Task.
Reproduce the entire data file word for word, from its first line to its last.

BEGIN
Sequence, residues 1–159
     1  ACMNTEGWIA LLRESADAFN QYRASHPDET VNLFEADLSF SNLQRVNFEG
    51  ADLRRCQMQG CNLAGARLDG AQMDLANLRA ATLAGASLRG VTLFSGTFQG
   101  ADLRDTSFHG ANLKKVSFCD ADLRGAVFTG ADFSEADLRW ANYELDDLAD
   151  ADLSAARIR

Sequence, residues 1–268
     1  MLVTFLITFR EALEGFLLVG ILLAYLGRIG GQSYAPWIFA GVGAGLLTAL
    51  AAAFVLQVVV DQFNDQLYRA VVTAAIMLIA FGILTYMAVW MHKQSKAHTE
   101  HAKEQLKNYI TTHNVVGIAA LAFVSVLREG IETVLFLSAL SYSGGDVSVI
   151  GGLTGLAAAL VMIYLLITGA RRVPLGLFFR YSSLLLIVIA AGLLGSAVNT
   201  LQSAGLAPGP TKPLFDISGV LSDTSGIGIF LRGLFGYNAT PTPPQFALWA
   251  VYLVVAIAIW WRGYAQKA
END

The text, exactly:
Sequence, residues 1–159
     1  ACMNTEGWIA LLRESADAFN QYRASHPDET VNLFEADLSF SNLQRVNFEG
    51  ADLRRCQMQG CNLAGARLDG AQMDLANLRA ATLAGASLRG VTLFSGTFQG
   101  ADLRDTSFHG ANLKKVSFCD ADLRGAVFTG ADFSEADLRW ANYELDDLAD
   151  ADLSAARIR

Sequence, residues 1–268
     1  MLVTFLITFR EALEGFLLVG ILLAYLGRIG GQSYAPWIFA GVGAGLLTAL
    51  AAAFVLQVVV DQFNDQLYRA VVTAAIMLIA FGILTYMAVW MHKQSKAHTE
   101  HAKEQLKNYI TTHNVVGIAA LAFVSVLREG IETVLFLSAL SYSGGDVSVI
   151  GGLTGLAAAL VMIYLLITGA RRVPLGLFFR YSSLLLIVIA AGLLGSAVNT
   201  LQSAGLAPGP TKPLFDISGV LSDTSGIGIF LRGLFGYNAT PTPPQFALWA
   251  VYLVVAIAIW WRGYAQKA